No More Blues
Naxos of America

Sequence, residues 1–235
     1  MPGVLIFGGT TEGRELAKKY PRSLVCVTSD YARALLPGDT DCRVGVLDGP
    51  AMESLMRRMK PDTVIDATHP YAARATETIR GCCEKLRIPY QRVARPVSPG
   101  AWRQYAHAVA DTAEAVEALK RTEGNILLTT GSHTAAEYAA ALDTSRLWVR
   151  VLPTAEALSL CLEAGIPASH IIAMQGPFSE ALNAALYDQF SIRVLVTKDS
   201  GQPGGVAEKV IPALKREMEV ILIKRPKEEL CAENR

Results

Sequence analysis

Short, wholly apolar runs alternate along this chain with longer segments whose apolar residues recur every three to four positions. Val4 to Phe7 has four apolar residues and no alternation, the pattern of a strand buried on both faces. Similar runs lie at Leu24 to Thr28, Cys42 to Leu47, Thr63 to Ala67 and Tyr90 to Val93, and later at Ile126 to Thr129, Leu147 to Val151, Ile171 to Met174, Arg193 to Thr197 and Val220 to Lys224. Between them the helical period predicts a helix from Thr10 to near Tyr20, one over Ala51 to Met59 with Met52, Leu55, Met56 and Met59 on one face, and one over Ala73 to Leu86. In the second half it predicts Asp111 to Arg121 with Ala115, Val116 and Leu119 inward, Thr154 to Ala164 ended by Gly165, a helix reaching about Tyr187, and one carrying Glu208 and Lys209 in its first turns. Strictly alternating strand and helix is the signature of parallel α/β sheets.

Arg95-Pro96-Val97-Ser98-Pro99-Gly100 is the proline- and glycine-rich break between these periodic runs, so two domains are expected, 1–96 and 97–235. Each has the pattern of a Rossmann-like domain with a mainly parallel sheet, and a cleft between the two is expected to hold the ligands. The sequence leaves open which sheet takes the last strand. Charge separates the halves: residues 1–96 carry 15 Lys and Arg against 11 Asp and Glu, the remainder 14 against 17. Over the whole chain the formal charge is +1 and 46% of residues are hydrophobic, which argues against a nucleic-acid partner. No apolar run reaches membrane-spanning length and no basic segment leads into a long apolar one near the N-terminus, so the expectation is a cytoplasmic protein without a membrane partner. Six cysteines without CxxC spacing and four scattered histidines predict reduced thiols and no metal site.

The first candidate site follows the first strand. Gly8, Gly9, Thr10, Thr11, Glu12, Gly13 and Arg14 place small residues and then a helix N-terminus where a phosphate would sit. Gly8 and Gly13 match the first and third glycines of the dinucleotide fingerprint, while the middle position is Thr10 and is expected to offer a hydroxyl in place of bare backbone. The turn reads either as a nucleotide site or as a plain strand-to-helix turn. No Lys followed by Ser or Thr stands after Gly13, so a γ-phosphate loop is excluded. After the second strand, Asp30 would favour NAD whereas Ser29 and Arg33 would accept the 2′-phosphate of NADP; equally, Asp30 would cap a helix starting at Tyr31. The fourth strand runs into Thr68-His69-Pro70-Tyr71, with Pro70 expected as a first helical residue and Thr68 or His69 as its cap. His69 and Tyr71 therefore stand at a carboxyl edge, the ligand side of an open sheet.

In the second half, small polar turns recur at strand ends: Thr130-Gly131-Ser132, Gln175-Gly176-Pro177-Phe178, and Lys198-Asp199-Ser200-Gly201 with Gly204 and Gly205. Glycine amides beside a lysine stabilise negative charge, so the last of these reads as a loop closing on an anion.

Power is only an asset if you know how to handle the throttle, a lesson Finnish Berklee grad Johanna Grussner seems to have learned throughout the past decade as, variously, a big-band leader, an a cappella singer and a music teacher. Showing off her sold-gold pipes to full advantage on No More Blues (Naxos), Grussner shifts gears with the curve-hugging proficiency of formula one star Michael Schumacher. With a voice akin to ice wine-crisp, pure and clear while simultaneously warm and chilled, Grussner adeptly navigates 10 standards that range from appropriately dreamy renderings of "My Ship" and "I'm Old Fashioned" to a raw, scintillating "Hallelujah, I Just Love Him" and a champagne-tart "Desafinado." Her reworking of "Help" as a pleading ballad adds nothing particularly interesting to the Lennon-McCartney chart-topper, but its deficiencies are easily made up for with a version of "The First Time Ever I Saw Your Face" even more enchantingly soporific than Roberta Flack's.